rhythm in the movement of the falling water, were observed. This was found to occur only at certain times. If the river was either too high or too low, the water poured over the dam with regular and uniform motion and sound; when the vibration of the houses occurred, the pulsatory movement of the falling water was also noticed.
The vibrations of the water were estimated at eight or ten per second, or about half of the number required to give the lowest continuous sound. These facts being established, it still remained to account for the enormous mechanical effect necessary to produce the vibration of distant buildings.
The long stretch of steadily flowing water above the dam, whose sloping edge only partly arrested its course, suggested the divided current of air thrown into the pipe of an organ. And, as the small column of air in the pipe, when thrown into vibration, is known to produce in some cases a perceptible tremor in the massive walls of a church, it is probable that a column of water half a mile in length, when in rhythmic vibration, would have a mechanical effect in proportion to its mass. But, in order that such vibration of a considerable body of water should be produced, a peculiar combination of physical conditions must exist, and this I have never observed in any other place.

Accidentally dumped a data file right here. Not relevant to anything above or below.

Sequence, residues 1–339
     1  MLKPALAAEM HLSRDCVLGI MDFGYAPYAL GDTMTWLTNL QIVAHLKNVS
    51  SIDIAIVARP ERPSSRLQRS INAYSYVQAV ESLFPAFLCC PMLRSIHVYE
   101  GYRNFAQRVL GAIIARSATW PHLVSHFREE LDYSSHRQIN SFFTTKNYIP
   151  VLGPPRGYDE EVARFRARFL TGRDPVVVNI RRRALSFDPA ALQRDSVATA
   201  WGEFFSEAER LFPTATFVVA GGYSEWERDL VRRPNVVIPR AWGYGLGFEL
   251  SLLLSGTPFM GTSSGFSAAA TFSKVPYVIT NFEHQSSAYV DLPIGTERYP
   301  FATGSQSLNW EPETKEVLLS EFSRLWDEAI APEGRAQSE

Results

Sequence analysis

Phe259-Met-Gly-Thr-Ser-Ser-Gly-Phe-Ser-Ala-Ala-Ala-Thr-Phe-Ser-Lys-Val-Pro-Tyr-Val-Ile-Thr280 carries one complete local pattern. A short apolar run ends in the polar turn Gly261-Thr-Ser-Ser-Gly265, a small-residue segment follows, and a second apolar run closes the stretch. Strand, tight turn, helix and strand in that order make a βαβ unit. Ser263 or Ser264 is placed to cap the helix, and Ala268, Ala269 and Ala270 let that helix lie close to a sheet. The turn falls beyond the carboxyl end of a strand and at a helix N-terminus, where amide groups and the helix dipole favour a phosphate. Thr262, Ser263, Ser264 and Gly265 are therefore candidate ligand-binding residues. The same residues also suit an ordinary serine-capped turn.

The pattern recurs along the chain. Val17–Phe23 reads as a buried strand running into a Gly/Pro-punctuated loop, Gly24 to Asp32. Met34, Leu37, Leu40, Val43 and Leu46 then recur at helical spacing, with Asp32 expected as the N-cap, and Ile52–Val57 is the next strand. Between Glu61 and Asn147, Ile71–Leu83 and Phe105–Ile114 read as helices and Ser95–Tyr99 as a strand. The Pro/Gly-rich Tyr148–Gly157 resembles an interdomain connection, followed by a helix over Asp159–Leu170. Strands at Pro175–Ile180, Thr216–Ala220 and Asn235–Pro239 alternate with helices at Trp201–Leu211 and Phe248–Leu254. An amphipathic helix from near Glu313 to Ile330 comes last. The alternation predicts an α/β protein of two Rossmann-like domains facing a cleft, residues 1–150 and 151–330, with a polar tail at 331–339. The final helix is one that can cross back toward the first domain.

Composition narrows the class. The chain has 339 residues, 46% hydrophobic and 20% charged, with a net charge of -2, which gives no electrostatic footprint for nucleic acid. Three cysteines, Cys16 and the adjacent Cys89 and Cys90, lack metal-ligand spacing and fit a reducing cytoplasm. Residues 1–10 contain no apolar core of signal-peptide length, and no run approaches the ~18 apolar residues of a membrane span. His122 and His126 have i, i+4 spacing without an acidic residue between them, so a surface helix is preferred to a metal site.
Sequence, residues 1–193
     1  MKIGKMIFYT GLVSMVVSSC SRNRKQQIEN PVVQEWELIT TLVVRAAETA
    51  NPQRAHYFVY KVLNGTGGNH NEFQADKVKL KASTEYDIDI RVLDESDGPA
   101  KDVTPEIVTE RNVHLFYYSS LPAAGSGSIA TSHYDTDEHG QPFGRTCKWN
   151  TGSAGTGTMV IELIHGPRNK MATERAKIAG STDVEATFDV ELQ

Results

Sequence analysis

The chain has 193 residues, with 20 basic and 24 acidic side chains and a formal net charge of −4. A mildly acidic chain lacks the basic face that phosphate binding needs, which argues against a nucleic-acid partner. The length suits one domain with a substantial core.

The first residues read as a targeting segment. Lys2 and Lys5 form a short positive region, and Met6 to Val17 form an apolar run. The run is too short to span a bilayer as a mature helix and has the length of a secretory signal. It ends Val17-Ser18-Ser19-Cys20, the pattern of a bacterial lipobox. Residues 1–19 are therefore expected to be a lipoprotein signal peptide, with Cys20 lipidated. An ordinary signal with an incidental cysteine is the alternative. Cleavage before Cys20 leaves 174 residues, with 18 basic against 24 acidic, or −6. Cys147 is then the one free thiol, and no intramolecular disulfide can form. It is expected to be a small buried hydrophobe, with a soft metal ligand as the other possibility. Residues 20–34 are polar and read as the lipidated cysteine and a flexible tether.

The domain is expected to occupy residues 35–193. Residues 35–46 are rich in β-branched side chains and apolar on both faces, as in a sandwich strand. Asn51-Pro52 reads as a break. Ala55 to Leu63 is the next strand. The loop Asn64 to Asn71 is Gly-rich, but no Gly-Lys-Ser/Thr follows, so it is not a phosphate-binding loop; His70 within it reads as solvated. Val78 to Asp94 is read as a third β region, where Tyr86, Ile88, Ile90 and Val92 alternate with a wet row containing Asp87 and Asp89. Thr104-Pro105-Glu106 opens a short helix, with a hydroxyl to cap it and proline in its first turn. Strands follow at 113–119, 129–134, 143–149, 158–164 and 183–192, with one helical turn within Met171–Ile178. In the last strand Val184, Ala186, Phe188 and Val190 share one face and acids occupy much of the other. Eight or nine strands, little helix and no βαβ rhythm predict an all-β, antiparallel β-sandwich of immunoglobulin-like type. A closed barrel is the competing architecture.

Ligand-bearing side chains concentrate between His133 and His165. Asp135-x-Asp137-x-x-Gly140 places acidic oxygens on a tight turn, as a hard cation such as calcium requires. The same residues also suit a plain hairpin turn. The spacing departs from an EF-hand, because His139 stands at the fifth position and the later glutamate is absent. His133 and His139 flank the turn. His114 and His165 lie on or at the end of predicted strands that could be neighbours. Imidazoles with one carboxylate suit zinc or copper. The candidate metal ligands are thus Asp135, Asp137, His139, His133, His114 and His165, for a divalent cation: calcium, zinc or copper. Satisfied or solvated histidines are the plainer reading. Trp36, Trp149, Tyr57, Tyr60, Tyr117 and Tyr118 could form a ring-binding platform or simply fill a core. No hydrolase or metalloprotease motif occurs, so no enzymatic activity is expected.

Of course, the fall of such masses of water as pour over Niagara and other great cataracts will cause a tremor of the earth to a certain distance. But this is due to the simple mechanical force of impact, and is in relation to that force only. The phenomenon which I have described is intermittent, and that fact points to the conclusion that it is due to a definite relation between the vibrations of the river and what may be called the keynote of the bedrock over which it flows.
The distance to which such motion may be transmitted will, of course, depend upon the mass of water in vibration. The direction will depend upon the continuity of the underlying rock. Where this is broken by seams, the vibrations will cease, and therefore the line of these remarkable tremors affords an indication of the structure of the granite bed which is the basis of the picturesque hills around Ellicott City.
|M. SAINTE-CLAIRE DEVILLE.|
HENRI-ÉTIENNE SAINTE-CLAIRE DEVILLE, one of the most distinguished of French chemists, was born at St. Thomas, in the Antilles, of French parents, March 11, 1818, and died at Boulogne-sur-Seine on the first day of July last. He went to France while still a boy, with his brother, Charles Deville, the meteorologist, and had his attention drawn early in his career in school to chemical studies, which were then enjoying high credit under the brilliant results